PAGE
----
With crazy weather and super storms, water management has become a big concern for everyone, especially clients considering landscaping projects. Making sure a project has proper drainage and grading for when a large amount of water falls out of the sky faster than the ground can absorb it has gotten much higher on the list of must-haves. We try to keep water management in mind at all times by suggesting and using materials that will aid with this whenever possible.
When any homeowner starts to think about their landscaping, the single most important thing for them to realize is that landscape projects are usually scheduled up to a year in advance. Most people are not thinking about landscaping from November until the first nice day in March or April. However, a landscaping company with experience and a good reputation is booked well in advance. So, consider how long the planning and booking stage may take. If you know you’ll want to do this project next year, book this year to start the planning and designing. And if your job can’t be done before the year is out, you’ll be one of the first in line for the following spring.
Planning on a schedule and working outside comes with its own challenges too. If we have a long wet spring with lots of days where we can’t do what we need to, that can push back on timing. Other factors that can slow down a crew are project changes and additions by a client or designer. Not to mention, the consideration of staffing shortages. Finding and keeping the right talent for what we need can be a real challenge. This also impacts how fast we can move on a client project. It’s a long game, so plan ahead.
Unfortunately, in a lot of cases, more than half of the cost of landscaping is in things that are not visible in the end product: excavation, footings, and ‘below ground costs’, like sub bases. Driveways, walkways, retaining walls, garden walls: these all have to be anchored below ground to prevent movement, allow for drainage, prevent shifting and cracking, etc. A heated driveway needs a layer of insulating styrofoam and a reinforced concrete slab before we get to the materials that anyone can even see when walking past the house.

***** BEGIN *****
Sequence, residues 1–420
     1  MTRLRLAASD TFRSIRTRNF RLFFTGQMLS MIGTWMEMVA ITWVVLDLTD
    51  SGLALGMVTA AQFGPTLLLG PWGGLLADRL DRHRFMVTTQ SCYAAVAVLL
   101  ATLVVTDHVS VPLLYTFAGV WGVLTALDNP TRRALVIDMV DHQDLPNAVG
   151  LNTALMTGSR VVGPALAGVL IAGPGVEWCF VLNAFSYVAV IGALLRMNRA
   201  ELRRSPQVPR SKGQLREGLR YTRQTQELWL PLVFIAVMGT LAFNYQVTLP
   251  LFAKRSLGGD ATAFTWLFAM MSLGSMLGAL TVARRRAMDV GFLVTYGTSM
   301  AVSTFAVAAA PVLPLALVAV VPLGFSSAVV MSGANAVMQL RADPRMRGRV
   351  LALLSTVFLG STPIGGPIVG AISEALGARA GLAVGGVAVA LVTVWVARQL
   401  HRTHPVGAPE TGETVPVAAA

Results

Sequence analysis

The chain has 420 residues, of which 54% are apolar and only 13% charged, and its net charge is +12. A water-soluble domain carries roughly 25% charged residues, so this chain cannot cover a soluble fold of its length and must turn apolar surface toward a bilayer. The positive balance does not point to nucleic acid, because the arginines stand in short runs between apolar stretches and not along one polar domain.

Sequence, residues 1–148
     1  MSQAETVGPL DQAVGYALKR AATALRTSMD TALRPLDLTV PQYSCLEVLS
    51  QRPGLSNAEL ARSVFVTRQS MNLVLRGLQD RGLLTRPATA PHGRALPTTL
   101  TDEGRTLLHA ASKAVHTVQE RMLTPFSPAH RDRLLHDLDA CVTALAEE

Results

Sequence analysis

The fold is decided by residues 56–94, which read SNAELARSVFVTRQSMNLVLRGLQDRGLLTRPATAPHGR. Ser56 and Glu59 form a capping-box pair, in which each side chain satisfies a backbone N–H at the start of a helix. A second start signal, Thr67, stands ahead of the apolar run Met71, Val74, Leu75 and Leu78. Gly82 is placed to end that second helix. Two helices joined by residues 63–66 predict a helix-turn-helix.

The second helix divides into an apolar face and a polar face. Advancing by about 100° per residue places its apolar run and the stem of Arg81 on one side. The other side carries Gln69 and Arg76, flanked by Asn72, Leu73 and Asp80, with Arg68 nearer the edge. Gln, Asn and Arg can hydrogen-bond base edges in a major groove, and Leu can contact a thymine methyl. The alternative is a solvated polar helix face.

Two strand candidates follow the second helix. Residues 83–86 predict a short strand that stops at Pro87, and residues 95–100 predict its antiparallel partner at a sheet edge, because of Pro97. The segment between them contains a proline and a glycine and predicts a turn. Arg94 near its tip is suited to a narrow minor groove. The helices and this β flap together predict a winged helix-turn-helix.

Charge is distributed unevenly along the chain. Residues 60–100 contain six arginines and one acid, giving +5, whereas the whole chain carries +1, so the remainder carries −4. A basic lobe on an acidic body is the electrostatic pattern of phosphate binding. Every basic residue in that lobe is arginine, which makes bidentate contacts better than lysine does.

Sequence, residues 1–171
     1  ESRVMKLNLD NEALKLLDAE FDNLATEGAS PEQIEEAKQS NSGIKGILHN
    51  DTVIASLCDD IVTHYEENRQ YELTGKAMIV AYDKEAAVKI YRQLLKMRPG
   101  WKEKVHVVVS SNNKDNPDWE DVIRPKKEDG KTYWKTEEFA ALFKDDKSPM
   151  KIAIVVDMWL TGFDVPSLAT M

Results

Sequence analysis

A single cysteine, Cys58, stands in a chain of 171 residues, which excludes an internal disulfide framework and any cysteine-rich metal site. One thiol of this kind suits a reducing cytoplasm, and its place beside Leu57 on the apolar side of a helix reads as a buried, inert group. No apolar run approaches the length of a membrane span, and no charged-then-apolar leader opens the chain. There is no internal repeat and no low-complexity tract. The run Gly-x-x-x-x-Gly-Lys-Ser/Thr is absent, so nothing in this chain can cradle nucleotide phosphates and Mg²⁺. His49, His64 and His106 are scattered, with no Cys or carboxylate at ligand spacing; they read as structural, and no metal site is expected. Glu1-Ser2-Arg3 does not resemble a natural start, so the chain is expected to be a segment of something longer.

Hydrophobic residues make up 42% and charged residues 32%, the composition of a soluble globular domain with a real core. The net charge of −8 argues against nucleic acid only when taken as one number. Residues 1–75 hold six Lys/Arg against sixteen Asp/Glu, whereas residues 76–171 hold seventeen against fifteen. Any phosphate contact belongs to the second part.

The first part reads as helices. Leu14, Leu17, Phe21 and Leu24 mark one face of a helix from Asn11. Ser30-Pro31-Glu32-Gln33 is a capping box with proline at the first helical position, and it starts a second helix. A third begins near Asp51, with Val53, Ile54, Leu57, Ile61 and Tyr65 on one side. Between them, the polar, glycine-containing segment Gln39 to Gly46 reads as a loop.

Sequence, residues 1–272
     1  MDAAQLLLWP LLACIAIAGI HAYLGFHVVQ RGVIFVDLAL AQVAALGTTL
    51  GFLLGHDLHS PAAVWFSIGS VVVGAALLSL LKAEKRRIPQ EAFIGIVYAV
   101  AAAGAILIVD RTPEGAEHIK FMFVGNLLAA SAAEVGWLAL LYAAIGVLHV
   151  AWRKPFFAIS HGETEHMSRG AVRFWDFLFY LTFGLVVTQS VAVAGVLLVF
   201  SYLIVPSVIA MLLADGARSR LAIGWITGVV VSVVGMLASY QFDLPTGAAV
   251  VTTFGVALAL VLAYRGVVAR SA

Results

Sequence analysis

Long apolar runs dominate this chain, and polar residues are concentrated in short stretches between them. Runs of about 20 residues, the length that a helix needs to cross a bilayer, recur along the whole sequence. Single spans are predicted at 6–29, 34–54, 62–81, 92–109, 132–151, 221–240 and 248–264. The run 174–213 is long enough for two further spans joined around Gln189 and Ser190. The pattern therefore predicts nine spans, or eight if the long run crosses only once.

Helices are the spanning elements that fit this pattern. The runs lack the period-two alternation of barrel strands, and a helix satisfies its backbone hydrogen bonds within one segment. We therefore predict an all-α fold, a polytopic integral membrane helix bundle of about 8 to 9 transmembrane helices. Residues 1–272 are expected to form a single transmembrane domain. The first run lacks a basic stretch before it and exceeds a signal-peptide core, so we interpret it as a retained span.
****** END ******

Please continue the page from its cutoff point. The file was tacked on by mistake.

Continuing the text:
Also, having the proper machines, tools and trucks, licenses, insurance, the trailers to get them back and forth to your home, keeping them in tip top shape, having somewhere to store them, and maintaining a crew of skilled workers is expensive. All of this to say, usually newer clients to landscaping underestimate the cost of a large-scale project. But, there are a lot of moving parts that have to go into doing what we do well, safely and on time. Once the client understands all of the steps involved in the process, they typically come to appreciate the price behind what they are asking for. If you are new to this, prepare yourself for that sticker shock when you start to get quotes and estimates.
I hope this has helped you consider all things related to working on the exterior of your home. Loving where you live can extend beyond the interiors. With the right help, your outdoor living space can be just as spectacular as your indoors. There are some practical elements to it as well, like keeping the outside of your place dry, problem-free and secure. Above and beyond, it’s about making it easy on the eyes. Keep in mind, these improvements may not only be attractive to you, having a home that is the envy of the neighbourhood can also drive up your value for resale. Landscaping can be a fun and rewarding project. Start by knowing as much about it as you can before jumping in with both feet.
This article is written by Fox Marin Sales Representative, Ian Busher. With an extensive background in carpentry and contracting, Ian is our resident “Renovations Expert”! He takes pride in his ability to assess the quality and condition of a house. This, in tandem with his talent for speaking to the feasibility and cost of potential renovations, and his eye for the aesthetic details of a property, makes him a powerful partner for anyone looking to buy a home in the Toronto real estate market.